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Vol7SpecialIssueforweb

EuroPneumo Special Issue / pneumonia 2015 Oct 21;7:I–72

O10.1

Streptococcus pneumoniae interaction with brain-derived neural cells

and alterations in functional state of the cells

Reuven Afriat, Marilous Shagan, Ron Dagan, Esther Priel, Yaffa Mizrachi Nebenzahl

Ben Gurion University of the Negev, Beer Sheva, Israel

Streptococcus pneumoniae causes meningitis with 50% mortality rate and survivors present long time sequelae including

learning impairment, deafness, mental retardation, and hydrocephalus. We have previously identified several putative

bacterial adhesin and their respective receptors on epithelial cells in the host that are proteins known to function in brain

development or affect neural cell function. We hypothesise that the very same adhesins are involved in the interaction

of the bacteria with neural cells and may affect neural cell function and survival. Currently we demonstrate a significant

reduction in pneumococcal adhesion to the neural cells (U251, NSC-34) in either presence of the recombinant adhesins

(rNOX and rGtS) or using bacteria lacking the putative adhesins compared to the wild-type (WT) strain. Infection of cells

with S. pneumoniae inhibited Topoisomerase I (Topo I) activity, significantly and to a significantly lesser extent with

the mutated bacteria. Topo I is an essential nuclear enzyme that participates in all DNA transaction processes and is

important for gene expression. The reduced Topo I activity resulted from increased ERK phosphorylation, followed by

increased ADP ribosylation of Topo I by PARP. Inhibition of both enzymes with specific inhibitors prevented the reduction

of Topo I activity in response to S. pneumoniae. Thus, pneumococci infection of neural cells inhibit Topo I activity via ERK

phosphorylation and increased ADP ribosylation by PARP. The recombinant adhesins or bacteria lacking them prevent

the inhibition of Topo I activity in the neural cells in response to the pneumococcus.

O10.2

PSGL-1 receptor on leukocytes is a critical component of the host

immune response against invasive pneumococcal disease

Elisa Ramos-Sevillano 1, 3 , Ana Urzainqui 4 , Miriam Domenech 1, 2 , Rafael González-Tajuelo 4 ,

Fernando González-Camacho 3 , Francisco Sánchez-Madrid 4 , Jeremy S Brown 5 , Ernesto García 1, 2 ,

José Yuste 2, 3

1

Centro de Investigaciones Biológicas, CSIC, Madrid, Spain; 2 CIBERES, Madrid, Spain; 3 Instituto de Salud Carlos III, Madrid, Spain; 4 Hospital de la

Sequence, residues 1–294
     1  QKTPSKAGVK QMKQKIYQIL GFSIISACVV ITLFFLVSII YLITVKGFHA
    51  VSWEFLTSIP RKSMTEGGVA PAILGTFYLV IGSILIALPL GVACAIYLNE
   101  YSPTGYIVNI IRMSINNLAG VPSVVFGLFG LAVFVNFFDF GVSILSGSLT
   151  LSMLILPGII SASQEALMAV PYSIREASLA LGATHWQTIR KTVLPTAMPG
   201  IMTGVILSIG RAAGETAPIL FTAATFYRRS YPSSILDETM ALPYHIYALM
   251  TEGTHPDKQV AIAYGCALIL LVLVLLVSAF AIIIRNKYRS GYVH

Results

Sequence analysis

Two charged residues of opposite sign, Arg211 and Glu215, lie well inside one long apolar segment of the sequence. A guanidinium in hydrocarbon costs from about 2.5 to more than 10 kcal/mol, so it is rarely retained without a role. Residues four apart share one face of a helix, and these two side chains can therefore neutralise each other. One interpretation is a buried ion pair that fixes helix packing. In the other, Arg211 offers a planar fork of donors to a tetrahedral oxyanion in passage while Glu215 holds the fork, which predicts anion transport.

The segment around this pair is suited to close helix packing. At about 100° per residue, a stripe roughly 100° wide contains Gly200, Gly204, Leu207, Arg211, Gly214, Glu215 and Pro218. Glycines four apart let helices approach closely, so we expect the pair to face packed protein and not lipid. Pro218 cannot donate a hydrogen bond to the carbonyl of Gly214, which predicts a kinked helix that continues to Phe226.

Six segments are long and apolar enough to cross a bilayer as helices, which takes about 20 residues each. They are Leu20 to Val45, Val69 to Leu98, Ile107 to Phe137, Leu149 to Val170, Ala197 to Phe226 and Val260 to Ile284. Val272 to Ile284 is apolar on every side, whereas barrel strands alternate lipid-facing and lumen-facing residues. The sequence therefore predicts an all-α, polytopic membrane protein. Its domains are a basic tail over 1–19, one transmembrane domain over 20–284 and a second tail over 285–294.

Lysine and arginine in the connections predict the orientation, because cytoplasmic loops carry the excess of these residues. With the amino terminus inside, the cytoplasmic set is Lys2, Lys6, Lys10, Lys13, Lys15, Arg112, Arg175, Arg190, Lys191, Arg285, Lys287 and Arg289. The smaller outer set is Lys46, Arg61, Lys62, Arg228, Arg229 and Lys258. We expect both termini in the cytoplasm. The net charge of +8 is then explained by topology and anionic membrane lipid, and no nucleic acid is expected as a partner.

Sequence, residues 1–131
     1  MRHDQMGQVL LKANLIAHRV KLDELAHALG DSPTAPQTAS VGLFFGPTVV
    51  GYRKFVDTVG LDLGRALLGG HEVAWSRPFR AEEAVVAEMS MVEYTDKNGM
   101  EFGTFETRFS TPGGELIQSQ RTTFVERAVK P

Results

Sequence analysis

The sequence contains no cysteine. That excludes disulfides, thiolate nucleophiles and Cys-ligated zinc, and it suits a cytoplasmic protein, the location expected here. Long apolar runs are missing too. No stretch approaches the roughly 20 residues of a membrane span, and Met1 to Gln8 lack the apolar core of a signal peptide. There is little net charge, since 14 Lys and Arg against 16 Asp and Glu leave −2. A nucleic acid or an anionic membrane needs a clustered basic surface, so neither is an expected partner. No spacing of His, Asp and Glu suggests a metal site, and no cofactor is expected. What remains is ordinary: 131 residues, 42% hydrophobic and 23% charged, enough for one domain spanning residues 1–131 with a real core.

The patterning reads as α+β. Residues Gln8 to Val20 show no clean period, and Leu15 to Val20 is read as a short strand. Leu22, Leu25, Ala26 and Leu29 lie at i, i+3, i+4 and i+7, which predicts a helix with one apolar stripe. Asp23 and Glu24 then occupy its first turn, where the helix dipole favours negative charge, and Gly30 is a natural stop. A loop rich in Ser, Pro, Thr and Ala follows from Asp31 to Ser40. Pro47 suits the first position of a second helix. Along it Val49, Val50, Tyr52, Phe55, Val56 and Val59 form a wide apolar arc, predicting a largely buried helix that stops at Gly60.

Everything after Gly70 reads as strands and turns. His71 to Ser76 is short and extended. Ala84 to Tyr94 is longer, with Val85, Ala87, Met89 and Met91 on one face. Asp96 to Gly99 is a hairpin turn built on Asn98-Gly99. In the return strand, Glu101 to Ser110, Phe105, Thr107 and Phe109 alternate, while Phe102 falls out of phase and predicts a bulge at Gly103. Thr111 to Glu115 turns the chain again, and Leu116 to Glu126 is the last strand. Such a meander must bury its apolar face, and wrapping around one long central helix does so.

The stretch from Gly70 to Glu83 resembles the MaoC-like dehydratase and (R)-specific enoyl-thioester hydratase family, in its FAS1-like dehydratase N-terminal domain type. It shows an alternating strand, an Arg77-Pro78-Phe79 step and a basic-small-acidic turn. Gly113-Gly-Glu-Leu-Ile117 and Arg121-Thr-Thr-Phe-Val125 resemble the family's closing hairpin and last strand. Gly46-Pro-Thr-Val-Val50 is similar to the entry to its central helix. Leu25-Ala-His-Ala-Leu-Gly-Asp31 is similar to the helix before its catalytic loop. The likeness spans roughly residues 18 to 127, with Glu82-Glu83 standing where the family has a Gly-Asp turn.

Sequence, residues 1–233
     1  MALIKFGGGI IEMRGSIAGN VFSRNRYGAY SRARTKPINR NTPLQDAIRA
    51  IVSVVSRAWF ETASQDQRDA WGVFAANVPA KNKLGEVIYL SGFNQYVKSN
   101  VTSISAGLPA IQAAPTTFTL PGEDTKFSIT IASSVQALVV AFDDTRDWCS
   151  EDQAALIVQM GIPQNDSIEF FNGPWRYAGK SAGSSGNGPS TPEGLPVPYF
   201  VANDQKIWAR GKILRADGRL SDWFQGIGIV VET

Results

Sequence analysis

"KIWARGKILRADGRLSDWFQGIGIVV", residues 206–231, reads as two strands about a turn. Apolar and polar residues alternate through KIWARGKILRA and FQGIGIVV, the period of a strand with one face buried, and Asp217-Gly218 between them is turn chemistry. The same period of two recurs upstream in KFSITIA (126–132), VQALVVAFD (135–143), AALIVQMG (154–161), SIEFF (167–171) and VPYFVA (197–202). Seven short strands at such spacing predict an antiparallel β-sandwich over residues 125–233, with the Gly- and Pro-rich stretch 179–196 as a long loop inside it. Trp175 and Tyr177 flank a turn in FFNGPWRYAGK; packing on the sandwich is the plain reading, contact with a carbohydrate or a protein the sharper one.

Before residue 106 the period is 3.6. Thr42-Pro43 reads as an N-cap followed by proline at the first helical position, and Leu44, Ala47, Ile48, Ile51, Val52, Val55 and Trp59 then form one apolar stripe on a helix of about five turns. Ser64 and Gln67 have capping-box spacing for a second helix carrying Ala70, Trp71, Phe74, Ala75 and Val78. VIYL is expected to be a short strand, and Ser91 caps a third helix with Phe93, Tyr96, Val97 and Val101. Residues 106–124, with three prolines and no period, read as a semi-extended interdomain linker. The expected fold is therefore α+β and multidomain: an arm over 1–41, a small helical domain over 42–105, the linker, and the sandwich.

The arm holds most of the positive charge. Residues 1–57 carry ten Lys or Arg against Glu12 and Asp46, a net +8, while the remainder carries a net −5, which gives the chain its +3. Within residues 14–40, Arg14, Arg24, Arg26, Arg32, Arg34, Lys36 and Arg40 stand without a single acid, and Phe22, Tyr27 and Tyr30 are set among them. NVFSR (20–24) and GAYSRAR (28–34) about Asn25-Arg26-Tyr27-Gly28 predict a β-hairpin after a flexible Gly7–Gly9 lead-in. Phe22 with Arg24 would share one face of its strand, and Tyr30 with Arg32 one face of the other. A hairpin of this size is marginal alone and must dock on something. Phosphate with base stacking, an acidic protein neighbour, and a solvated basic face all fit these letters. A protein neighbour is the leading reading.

Princesa, Madrid, Spain; 5 Centre for Inflammation and Tissue Repair. UCL, London, UK

Phagocytic cells play a key role in the clearance of invading pathogens such as Streptococcus pneumoniae. Among

them, leukocytes play an important role in inflammatory and immune responses against disseminated infection, and

bacterial clearance depends on the efficacy of different receptors on phagocytic cells to recognise, internalise and

kill the pathogen. In this study we report the leukocyte P-selectin glycoprotein ligand-1 receptor (PSGL-1) as a novel

receptor for the interaction with S. pneumoniae during the invasive process. Co-localisation of different clinical isolates

of S. pneumoniae with PSGL-1 was demonstrated, observing a rapid and active phagocytosis when PSGL-1 was present.

Moreover, the capsular polysaccharide and the main autolytic enzyme of the bacterium, the amidase LytA, were both

identified as pneumococcal ligands recognised by PSGL-1. Experiments using wild-type mice and mice deficient in PSGL-1

demonstrated that PSGL-1 on leukocytes plays a critical role against invasive pneumococcal disease. Histological analysis

demonstrated that PSGL-1 -/- mice have lower levels of granulocytes migrating to the lung than the correspondent wildtype

mice, confirming that PSGL-1 is important for leukocyte extravasation. Bacterial levels were higher in the respiratory

tract of PSGL-1 -/- deficient mice after pneumococcal infection, which is consistent with the impaired recruitment of

granulocytes to the lung of these mice. Bacterial levels were also markedly increased in the blood of PSGL-1 -/- mice,

which confirmed the importance of this receptor in the recognition and clearance of S. pneumoniae from the systemic

circulation. This study demonstrates that PSGL-1 contributes to protection against lethal pneumococcal infection.

pneumonia 2015 Volume 7

70

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